Have you ever worked with chocolate? Have you ever had to temper it, keep it liquid, or even just chop it up? If you haven’t, know that chocolate is a weird food. Not in taste (I think it qualifies for its own food group and is a staple in my diet), but in its qualities. Whether liquid or solid, its behaviors are just weird. For example, when solid, chocolate forms a crystalline structure that will fragment on planes similar to rocks. You can encourage it to break in certain places with scores and molds, but it still forms weaker points between the crystals. When the chocolate is liquid, you have to keep it in a very tight temperature range, or it will knock it out of temper. Tempering chocolate is a process of heating and cooling that stabilizes the crystals and the cocoa butter in the chocolate so once it is set, the chocolate is crisp, smooth, glossy, and more stable.
Liquid chocolate is one of the most finicky foods—too hot or cold and it will freak out, any water will ruin it, and it has to be kept in constant motion to stay liquid. Basically, if you show any fear, the chocolate will sense it and wig out just because it can.
I have been working with chocolate since I was a child. Every year, my family makes thousands of candies and gives them away to our friends and neighbors. Typically, this takes a couple months where we make batches of creamy fondants, toffees, marshmallows, and caramels. A batch normally has between 70 and 100 pieces. Clearly, while working with chocolate is hard, it is possible. I’ve grown up learning how to do it, but it is a teachable skill. Anyone who takes the time to learn about chocolate and its behaviors can do it. Then, once you understand how chocolate behaves, you can combat each trick and can handle it effectively.
The same is true for criminals, especially shoplifters. Once you learn how they behave, it’s easier to combat them and prevent retail theft. Shoplifters are clever and they know what strategies work. However, if you pay attention, you’ll see patterns in their behaviors and methods that can help you prevent future incidents.
Here are a few things to watch for:
Shoplifters are often fidgety or look uncomfortable. They will avoid eye contact while observing employees, not items. They will look around often—looking for staff and security cameras—rather than looking at the shelves.
Thick, excessive clothing
Winter is cold, but even during the coldest days most honest customers wear a single coat. Since the stores are climate controlled, multiple layers or extra coats are not needed. Shoplifters use extra and baggy clothing to hide stolen items.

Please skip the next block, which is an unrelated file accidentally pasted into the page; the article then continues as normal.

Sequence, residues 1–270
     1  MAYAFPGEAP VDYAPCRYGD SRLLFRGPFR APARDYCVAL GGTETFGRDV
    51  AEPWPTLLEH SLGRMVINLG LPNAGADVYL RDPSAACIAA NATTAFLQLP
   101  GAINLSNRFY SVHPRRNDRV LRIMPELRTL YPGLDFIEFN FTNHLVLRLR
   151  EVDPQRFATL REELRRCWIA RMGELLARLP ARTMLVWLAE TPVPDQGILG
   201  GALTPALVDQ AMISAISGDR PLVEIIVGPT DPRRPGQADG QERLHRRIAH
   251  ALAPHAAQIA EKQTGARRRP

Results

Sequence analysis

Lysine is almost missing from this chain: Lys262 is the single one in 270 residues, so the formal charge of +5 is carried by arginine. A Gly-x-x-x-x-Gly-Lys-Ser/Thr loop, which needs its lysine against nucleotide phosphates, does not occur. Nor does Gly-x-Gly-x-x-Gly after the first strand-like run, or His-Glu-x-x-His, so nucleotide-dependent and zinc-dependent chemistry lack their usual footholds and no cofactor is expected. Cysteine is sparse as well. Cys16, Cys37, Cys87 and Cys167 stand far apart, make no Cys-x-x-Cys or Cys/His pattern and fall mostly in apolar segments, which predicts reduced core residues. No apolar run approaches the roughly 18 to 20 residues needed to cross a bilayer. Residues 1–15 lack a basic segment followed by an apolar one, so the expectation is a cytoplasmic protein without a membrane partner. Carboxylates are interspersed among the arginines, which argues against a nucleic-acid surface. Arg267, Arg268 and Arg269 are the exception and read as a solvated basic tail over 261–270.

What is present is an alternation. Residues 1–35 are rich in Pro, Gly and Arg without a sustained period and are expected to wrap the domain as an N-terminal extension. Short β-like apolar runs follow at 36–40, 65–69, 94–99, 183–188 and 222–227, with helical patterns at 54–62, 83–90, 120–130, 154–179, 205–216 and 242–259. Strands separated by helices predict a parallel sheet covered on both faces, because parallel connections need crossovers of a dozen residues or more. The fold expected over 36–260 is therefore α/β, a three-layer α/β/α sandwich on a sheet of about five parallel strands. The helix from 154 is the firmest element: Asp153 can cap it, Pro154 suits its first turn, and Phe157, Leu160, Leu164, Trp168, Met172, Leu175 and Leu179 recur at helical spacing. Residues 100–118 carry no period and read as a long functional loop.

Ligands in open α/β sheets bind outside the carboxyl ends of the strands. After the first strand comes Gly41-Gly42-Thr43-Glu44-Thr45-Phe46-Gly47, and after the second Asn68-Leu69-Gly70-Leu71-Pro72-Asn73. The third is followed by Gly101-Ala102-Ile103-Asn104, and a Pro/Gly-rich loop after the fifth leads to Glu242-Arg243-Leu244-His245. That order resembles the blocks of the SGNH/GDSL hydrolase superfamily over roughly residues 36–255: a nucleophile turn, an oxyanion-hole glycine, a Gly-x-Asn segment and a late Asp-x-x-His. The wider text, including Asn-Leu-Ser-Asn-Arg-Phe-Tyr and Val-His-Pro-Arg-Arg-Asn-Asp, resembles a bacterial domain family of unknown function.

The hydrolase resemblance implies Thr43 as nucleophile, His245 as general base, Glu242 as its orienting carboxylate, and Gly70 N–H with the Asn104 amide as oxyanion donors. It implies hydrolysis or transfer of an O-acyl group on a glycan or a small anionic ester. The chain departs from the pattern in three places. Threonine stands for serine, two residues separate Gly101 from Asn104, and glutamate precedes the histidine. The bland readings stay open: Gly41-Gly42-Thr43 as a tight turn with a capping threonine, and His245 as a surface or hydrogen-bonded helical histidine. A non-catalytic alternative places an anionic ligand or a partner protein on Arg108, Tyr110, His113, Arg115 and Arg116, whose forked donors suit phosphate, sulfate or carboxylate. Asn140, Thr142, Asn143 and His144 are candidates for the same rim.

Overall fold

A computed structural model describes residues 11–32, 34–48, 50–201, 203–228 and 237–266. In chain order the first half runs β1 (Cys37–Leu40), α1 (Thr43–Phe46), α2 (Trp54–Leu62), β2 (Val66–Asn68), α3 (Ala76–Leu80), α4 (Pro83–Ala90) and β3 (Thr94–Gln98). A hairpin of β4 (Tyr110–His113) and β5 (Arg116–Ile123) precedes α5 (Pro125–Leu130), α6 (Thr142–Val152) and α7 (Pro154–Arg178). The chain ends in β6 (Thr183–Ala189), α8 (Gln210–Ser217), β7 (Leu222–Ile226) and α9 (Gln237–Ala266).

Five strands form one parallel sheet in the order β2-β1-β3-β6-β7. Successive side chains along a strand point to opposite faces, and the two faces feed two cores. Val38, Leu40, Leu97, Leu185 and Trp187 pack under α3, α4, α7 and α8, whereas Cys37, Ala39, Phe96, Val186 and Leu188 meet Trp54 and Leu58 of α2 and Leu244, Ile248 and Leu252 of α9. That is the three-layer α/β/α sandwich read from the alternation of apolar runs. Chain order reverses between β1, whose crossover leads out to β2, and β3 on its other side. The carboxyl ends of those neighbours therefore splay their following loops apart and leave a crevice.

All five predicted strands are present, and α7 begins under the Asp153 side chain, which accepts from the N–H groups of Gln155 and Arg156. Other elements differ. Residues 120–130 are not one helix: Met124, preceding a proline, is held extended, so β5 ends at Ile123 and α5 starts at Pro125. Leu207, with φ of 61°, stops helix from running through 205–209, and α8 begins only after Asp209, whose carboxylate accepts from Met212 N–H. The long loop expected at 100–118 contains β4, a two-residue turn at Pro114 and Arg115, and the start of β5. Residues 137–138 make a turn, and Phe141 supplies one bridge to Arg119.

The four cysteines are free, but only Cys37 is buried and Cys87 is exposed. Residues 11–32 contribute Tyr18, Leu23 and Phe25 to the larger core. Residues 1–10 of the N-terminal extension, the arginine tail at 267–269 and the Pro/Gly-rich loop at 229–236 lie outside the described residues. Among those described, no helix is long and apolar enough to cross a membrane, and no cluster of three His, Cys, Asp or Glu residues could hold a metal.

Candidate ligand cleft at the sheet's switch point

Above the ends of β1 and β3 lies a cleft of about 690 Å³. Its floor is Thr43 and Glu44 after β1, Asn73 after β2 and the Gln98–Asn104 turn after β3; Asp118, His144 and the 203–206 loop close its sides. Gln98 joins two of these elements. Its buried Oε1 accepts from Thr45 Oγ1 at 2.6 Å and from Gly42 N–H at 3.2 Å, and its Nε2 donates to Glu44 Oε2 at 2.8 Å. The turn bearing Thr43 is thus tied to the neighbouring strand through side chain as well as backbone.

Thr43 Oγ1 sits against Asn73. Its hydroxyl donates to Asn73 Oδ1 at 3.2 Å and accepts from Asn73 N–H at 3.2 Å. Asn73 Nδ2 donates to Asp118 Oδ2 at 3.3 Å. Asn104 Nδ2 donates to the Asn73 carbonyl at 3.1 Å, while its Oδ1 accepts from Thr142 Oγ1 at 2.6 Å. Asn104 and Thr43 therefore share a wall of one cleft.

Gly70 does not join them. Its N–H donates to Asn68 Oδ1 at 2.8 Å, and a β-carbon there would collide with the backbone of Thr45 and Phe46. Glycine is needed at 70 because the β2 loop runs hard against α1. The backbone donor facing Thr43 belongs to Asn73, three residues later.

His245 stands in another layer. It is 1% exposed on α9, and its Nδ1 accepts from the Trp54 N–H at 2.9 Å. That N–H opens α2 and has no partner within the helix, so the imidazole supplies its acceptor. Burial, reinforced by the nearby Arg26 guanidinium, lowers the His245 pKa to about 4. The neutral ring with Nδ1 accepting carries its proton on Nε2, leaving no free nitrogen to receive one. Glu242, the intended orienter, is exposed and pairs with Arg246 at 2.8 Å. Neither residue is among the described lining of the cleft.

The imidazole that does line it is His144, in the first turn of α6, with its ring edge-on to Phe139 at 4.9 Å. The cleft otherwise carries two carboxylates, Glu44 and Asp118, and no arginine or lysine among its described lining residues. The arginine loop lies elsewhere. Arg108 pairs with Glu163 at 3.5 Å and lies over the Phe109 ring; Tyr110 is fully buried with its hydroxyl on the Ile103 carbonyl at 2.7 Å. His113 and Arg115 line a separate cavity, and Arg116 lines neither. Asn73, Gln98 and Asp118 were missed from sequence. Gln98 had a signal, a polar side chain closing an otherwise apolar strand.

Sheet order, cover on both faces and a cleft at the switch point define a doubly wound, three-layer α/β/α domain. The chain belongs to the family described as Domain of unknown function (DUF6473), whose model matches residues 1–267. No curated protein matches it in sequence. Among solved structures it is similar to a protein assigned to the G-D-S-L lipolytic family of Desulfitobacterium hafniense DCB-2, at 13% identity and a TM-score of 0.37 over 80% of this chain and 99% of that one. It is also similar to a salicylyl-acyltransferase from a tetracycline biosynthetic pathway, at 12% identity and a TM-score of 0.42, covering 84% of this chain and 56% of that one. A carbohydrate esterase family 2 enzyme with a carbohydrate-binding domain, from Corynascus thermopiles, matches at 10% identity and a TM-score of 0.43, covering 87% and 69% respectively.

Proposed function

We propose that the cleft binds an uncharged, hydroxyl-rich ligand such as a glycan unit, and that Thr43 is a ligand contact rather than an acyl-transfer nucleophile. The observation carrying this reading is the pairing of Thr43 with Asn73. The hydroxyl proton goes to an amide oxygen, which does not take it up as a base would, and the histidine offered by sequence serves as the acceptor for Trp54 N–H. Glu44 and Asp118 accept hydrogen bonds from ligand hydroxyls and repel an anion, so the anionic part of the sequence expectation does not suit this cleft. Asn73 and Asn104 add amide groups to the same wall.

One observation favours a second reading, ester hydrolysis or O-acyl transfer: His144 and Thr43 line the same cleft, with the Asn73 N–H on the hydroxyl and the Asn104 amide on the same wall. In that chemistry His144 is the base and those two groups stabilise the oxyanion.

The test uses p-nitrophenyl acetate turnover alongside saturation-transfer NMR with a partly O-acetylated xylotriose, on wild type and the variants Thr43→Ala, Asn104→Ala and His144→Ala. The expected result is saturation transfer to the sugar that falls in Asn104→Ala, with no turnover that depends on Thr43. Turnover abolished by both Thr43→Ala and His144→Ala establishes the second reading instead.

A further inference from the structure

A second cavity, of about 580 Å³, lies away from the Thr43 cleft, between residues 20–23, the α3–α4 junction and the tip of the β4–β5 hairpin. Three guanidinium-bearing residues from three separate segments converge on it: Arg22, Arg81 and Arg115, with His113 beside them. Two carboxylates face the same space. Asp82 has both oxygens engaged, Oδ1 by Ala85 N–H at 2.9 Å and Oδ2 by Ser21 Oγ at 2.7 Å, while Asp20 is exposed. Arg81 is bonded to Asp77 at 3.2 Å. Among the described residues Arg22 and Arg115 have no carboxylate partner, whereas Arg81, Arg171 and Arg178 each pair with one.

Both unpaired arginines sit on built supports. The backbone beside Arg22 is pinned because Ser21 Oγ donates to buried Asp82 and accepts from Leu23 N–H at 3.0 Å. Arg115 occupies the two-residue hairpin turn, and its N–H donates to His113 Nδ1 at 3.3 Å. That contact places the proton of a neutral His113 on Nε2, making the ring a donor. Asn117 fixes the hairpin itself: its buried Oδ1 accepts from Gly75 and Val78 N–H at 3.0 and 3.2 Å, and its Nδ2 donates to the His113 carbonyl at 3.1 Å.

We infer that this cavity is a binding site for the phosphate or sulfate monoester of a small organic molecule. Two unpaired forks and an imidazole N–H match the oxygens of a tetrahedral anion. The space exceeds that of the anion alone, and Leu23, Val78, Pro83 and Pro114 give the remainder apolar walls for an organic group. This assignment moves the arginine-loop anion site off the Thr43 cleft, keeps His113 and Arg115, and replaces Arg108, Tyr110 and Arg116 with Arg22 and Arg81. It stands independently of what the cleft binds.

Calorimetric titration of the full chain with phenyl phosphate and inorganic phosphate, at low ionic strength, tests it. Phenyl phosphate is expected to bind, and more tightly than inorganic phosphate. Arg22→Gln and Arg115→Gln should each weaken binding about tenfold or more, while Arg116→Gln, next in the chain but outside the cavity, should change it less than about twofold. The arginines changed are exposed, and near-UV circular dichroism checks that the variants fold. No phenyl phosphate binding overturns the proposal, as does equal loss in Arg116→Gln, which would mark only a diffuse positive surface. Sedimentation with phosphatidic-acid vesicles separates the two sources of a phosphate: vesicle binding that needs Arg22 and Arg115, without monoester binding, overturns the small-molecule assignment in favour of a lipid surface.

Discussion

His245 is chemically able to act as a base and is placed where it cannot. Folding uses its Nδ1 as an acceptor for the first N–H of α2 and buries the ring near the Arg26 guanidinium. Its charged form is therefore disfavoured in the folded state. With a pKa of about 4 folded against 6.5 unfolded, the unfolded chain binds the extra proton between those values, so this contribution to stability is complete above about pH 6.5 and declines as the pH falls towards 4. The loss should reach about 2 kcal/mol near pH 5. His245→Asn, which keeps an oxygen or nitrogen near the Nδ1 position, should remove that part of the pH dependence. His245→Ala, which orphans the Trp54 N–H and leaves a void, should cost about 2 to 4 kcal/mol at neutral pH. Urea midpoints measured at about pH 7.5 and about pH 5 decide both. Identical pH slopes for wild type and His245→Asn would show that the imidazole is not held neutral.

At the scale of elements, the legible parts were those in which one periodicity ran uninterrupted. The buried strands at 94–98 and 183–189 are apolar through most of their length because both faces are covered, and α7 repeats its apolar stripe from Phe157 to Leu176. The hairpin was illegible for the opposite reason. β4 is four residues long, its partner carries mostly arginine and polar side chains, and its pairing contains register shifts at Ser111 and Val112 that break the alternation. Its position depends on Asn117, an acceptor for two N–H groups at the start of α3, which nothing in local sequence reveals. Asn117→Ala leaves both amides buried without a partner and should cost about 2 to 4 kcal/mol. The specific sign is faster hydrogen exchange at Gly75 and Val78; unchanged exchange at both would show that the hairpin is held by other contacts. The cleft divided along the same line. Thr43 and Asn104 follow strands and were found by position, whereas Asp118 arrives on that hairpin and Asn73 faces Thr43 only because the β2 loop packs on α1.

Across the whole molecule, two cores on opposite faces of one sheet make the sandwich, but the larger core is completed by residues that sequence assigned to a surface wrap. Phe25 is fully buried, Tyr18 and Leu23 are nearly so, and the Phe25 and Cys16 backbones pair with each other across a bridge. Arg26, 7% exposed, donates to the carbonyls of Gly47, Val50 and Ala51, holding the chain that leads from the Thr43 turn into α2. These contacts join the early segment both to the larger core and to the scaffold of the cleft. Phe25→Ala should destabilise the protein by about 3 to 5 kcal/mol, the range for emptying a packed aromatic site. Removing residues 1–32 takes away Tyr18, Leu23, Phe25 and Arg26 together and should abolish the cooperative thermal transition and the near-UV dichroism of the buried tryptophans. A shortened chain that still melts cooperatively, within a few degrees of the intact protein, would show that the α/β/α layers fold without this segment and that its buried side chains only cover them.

Large or multiple bags
Similar to excessive clothes, shoplifters will use large handbags, backpacks, and even reusable shopping bags to steal large quantities of products. If you have ever set foot in a store, you know that the bulk of women carry some sort of a bag—a purse, small backpack, a clutch, or a wallet. More men are also carrying bags including diaper bags or even fanny packs. However, unlike regular everyday customers, shoplifters tend to carry large bags or even multiple bags. Remember, their goal is to steal as much as possible, not carry the all-important diapers and change of clothes.
Shoplifters want to get away clean with stolen merchandise. To do this they often distract employees to get them away from the items they want to steal. Sometimes they may ask for store associates to check the back for an out-of-stock item or they may ask for the employee to show them where a product is and have a partner steal merchandise.
This leads to the last behavior—shoplifters will often work in groups or organized gangs. Organized retail crime is a growing trend as thieves become more brazen. Sometimes, ORC gangs will have a group or person create a distraction, giving the others the opportunity to steal. Other times, ORC gangs will commit flash robbery—a method that includes a group of thieves grabbing as much merchandise as they can and then running. Either way, the large groups are hard to stop and detain.
Deter thieves from entering
Even when you know these behaviors, it is hard to stop shoplifters. Furthermore, it can be dangerous to employees and other customers since 68% of retailers say they have seen thieves and ORC gangs be more aggressive and violent in the past year. In fact, it’s becoming more common for retailers to instruct their employees to not engage thieves simply because it’s simply not worth it. However, in order to absorb the cost of stolen merchandise, this strategy forces retailers to raise prices for honest customers.
That’s why we suggest deploying mobile surveillance units from LiveView Technologies (LVT). Our units are proven to reduce grab-and-go thefts by 69%. LVT Units are stationed in the parking lot, not inside the stores. However, by placing them outside stores deter thieves, ORC gangs, and other criminals from entering the property at all. Criminals don’t want to be caught, and LVT security trailers are equipped with cameras, flashing lights, a speaker, and more all aimed at deterring and, if that doesn’t work, then recording evidence of criminal activity.
The trick to preventing theft is to understand their behaviors and methods and then putting measures in place to prevent theft from ever happening. One of those methods is to deploy LVT Units to your parking lot. If you are interested in learning others, watch our recent webinar on other methods to prevent organized retail crime.